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A deep-learning approach to realizing functionality in nanoelectronic devices


Many nanoscale devices require precise optimization to function. Tuning them to the desired operation regime becomes increasingly difficult and time-consuming when the number of terminals and couplings grows. Imperfections and device-to-device variations hinder optimization that uses physics-based models. Deep neural networks (DNNs) can model various complex physical phenomena but, so far, are mainly used as predictive tools. Here, we propose a generic deep-learning approach to efficiently optimize complex, multi-terminal nanoelectronic devices for desired functionality. We demonstrate our approach for realizing functionality in a disordered network of dopant atoms in silicon. We model the input–output characteristics of the device with a DNN, and subsequently optimize control parameters in the DNN model through gradient descent to realize various classification tasks. When the corresponding control settings are applied to the physical device, the resulting functionality is as predicted by the DNN model. We expect our approach to contribute to fast, in situ optimization of complex (quantum) nanoelectronic devices.

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Fig. 1: Realizing functionality in a nanoelectronic device by using a DNN model.
Fig. 2: Sampling input–output data to train and test the DNN.
Fig. 3: DNN prediction of device functionality and verification.
Fig. 4: Prediction and verification of Boolean logic.
Fig. 5: Ring classification functionality.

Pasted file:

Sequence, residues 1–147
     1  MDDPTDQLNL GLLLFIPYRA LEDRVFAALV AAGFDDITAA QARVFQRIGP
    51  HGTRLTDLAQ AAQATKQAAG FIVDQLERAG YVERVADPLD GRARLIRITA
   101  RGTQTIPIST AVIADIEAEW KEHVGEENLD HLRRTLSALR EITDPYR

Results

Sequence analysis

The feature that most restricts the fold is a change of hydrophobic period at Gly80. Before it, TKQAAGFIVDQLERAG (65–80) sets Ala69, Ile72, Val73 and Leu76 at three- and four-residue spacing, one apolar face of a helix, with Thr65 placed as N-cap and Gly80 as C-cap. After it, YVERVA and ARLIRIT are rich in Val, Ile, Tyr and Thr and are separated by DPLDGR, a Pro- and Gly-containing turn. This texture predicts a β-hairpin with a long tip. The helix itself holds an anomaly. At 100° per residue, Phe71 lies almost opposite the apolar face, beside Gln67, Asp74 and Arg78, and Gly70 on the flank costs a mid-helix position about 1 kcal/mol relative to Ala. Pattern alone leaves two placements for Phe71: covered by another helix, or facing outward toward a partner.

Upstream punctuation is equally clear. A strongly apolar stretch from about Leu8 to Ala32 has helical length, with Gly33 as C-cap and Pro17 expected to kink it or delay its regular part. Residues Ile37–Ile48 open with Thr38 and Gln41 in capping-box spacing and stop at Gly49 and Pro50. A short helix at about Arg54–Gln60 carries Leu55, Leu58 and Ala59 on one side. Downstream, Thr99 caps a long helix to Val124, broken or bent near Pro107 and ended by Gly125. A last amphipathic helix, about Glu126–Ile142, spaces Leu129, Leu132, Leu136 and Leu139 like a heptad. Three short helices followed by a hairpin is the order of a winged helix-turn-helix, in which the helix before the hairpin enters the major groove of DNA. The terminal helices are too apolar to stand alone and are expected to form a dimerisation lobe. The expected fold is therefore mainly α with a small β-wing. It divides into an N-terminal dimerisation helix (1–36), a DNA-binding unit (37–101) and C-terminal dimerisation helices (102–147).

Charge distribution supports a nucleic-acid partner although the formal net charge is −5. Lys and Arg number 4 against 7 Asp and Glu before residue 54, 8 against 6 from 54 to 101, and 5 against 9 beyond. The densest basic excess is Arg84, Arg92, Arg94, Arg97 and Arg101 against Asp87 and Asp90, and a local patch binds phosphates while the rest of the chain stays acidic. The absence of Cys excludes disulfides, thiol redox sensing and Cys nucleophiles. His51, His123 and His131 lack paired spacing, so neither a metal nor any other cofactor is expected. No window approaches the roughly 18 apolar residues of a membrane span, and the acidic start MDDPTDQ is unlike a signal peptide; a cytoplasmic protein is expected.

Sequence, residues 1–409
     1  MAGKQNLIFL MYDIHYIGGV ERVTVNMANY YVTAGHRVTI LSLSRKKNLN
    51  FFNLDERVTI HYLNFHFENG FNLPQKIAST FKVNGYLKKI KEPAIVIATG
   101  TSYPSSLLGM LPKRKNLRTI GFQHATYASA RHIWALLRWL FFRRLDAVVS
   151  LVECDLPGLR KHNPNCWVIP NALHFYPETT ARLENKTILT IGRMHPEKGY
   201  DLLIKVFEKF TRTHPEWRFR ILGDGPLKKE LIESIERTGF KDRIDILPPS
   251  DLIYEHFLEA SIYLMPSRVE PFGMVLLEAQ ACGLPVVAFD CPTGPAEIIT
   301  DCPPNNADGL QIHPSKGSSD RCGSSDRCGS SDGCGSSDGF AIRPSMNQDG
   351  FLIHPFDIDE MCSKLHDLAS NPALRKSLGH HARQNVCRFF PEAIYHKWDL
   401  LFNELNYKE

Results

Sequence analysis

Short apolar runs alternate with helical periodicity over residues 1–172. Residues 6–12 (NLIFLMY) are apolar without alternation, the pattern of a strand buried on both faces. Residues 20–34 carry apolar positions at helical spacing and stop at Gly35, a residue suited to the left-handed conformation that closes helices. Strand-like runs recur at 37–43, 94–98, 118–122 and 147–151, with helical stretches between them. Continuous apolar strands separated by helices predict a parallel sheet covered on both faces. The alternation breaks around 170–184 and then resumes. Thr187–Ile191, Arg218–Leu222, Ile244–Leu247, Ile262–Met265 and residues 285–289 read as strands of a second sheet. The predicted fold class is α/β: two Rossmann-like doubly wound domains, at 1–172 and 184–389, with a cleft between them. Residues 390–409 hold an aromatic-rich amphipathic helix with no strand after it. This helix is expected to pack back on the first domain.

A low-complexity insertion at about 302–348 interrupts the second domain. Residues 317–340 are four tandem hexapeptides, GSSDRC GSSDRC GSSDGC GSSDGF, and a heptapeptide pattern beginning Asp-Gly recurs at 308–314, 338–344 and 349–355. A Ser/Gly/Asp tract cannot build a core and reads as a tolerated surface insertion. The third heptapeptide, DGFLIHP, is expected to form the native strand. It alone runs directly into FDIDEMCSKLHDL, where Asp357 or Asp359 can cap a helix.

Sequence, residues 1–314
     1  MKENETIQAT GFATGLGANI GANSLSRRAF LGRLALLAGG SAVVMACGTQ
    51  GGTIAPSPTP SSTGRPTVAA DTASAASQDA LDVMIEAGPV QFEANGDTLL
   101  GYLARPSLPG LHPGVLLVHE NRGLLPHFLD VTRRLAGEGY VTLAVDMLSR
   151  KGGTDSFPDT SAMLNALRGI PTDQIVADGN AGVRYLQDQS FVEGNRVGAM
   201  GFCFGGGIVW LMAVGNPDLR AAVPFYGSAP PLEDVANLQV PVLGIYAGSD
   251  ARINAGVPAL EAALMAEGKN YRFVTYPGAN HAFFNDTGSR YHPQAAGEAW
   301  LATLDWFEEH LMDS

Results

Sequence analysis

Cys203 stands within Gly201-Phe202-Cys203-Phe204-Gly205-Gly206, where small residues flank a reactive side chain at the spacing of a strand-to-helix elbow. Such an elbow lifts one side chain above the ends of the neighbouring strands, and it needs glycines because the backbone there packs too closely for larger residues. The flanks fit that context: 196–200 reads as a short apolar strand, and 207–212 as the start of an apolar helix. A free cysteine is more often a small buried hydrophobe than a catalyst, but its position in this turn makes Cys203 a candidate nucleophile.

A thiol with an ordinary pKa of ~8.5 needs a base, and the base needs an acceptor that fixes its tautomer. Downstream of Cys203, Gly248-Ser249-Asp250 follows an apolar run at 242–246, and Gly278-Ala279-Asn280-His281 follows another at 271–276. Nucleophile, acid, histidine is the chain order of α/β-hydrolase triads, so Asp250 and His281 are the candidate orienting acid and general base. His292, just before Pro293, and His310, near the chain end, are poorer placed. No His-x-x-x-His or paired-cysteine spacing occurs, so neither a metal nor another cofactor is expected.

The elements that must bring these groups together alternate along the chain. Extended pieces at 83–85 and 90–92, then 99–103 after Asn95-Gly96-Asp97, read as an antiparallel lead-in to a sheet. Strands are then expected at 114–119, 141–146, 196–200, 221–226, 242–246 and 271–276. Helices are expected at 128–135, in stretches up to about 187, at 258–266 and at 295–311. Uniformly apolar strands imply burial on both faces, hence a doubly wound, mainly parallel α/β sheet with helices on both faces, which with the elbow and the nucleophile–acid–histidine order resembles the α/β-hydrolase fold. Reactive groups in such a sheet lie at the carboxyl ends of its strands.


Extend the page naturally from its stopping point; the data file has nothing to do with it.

Fig. 6: Feature mapping task.

Data availability

Data are available from the public repository at

Code availability

The custom computer code used here is available under the GNU General Public License v3.0 at


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We thank B. J. Geurts, U. Alegre Ibarra, B. de Wilde and L. J. Knoll for fruitful discussions. We are grateful to U. Alegre Ibarra for reading the manuscript carefully and providing useful input. We thank M. H. Siekman and J. G. M. Sanderink for technical support. We acknowledge financial support from the University of Twente, the Dutch Research Council (NWA Startimpuls grant no. 400-17-607) and the Natuurkunde Projectruimte (grant no. 680-91-114).

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Authors and Affiliations



H.-C.R.E., M.N.B. and J.T.W. performed the measurements and the DNN modelling. B.v.d.V. and T.C. fabricated the samples. H.-C.R.E., M.N.B., J.T.W., P.A.B. and W.G.v.d.W. wrote the manuscript and all of the authors contributed to revisions. W.G.v.d.W. and H.-C.R.E. conceived the project and designed the experiments with input from M.N.B. and J.T.W. W.G.v.d.W., P.A.B., H.B. and H.-C.R.E. supervised the project.

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Correspondence to Wilfred G. van der Wiel.

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The authors declare no competing interests.

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Peer review information Nature Nanotechnology thanks Matthew Dale, Gunnar Tufte and the other, anonymous, reviewer(s) for their contribution to the peer review of this work.

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Supplementary Information

Supplementary Figs. 1–6, Sections 1–4 and Tables 1–10.

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Ruiz Euler, HC., Boon, M.N., Wildeboer, J.T. et al. A deep-learning approach to realizing functionality in nanoelectronic devices. Nat. Nanotechnol. 15, 992–998 (2020).

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